One big focus is the ‘German model’ in which fans own at least 51% of shares and voting rights in their club. This is being examined “very closely” by ministers.

Mr Dowden said the fact German clubs were not part of the Super League “rather makes the case” for the German model.

“We need to look at options for fans to be able to have stakes in clubs,” he told broadcasters today, adding: “It’s very important that we don’t see this as the end of the process.”

He told LBC: “I do think it’s right that we look at how fans can have a stake in the game. I think if you go back a few years and certainly this is one of the things we discussed with fans, fans did have more of a stake a few years back, over time they’ve been bought out so I think that’s important that we look at that.”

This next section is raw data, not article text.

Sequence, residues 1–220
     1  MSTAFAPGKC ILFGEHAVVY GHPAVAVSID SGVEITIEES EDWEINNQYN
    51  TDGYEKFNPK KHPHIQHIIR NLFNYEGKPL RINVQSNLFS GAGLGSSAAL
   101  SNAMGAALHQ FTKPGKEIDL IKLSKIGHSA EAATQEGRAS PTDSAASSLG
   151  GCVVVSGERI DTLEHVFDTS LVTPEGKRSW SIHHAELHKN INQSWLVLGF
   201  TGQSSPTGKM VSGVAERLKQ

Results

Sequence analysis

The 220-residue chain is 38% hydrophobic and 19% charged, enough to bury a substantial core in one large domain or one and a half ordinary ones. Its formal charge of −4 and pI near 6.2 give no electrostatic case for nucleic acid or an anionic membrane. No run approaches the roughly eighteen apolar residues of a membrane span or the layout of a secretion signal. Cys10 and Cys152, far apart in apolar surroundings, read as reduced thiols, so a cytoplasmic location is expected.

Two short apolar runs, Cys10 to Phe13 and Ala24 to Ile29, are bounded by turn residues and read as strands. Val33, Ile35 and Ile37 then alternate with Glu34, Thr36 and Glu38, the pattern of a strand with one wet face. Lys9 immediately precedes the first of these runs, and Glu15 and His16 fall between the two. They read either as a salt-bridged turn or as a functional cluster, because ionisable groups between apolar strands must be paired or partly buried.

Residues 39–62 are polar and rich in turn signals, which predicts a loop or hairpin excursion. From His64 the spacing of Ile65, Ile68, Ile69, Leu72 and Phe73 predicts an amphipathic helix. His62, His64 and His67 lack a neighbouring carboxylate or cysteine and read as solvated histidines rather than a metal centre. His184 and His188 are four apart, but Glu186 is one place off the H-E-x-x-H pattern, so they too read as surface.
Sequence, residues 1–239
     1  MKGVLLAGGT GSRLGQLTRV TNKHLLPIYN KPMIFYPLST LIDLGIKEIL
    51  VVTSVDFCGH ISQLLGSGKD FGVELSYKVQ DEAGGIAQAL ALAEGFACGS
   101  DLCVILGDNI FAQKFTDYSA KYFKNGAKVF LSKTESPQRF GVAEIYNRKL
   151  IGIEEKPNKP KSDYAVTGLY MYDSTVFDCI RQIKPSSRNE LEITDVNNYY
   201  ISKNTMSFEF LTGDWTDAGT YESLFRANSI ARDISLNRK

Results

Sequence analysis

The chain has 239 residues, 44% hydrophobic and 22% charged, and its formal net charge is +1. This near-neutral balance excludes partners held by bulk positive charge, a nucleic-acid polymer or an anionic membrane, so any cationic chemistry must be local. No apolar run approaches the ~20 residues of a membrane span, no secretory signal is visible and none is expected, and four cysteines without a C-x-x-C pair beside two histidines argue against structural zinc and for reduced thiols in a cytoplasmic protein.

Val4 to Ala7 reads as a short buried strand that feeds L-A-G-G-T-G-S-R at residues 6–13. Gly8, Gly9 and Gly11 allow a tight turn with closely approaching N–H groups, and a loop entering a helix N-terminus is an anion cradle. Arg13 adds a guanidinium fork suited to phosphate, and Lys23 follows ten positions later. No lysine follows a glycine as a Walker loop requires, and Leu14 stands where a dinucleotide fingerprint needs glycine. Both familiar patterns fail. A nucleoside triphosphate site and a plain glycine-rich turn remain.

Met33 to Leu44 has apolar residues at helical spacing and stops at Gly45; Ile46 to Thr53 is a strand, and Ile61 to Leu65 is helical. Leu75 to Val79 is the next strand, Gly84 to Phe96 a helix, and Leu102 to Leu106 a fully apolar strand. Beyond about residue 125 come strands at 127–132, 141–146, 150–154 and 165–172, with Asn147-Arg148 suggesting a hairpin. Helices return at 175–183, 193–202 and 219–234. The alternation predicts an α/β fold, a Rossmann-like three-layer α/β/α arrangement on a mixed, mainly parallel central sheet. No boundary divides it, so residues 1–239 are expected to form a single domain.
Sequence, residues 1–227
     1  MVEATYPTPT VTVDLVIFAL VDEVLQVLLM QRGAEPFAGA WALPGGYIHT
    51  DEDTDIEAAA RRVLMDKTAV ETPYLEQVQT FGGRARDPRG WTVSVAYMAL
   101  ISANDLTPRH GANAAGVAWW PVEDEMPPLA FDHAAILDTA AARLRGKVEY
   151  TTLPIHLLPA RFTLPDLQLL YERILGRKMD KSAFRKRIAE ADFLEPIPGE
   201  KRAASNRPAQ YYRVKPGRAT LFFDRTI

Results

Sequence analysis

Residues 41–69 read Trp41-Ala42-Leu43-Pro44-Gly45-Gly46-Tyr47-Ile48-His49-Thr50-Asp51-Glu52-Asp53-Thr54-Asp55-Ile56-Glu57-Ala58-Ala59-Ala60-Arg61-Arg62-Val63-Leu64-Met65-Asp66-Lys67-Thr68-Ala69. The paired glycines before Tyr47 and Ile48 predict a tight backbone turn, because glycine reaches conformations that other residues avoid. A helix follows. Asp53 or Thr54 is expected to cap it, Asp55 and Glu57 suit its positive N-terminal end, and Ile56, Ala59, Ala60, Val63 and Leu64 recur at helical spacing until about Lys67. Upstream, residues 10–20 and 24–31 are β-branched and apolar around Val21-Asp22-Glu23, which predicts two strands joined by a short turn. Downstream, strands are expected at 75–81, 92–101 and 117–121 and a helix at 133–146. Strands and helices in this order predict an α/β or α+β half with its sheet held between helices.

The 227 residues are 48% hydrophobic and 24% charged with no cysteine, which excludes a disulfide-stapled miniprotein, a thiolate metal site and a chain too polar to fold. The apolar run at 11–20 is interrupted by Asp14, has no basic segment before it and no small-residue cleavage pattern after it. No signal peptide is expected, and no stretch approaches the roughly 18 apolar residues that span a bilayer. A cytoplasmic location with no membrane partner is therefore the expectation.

A ‘golden share’ model

Ministers are also understood to be looking at a “golden share” model as a possible alternative to Germany’s scheme.

A golden share is a share of less than 50%, but which gives the holder powers of veto over major changes to a company.

So if supporters’ groups were to have a golden share in their club, they could block unsavoury changes in ownership for example.

A government insider told the Mirror measures will have to “show boards can be forced to listen to fans”.

Ofcom-style regulator

An Ofcom-style regulator for football is being considered, Culture Secretary Oliver Dowden said.

The Government has not ruled out the prospect of a new regulatory body, he confirmed, telling LBC: “The fan-led review will look at this.”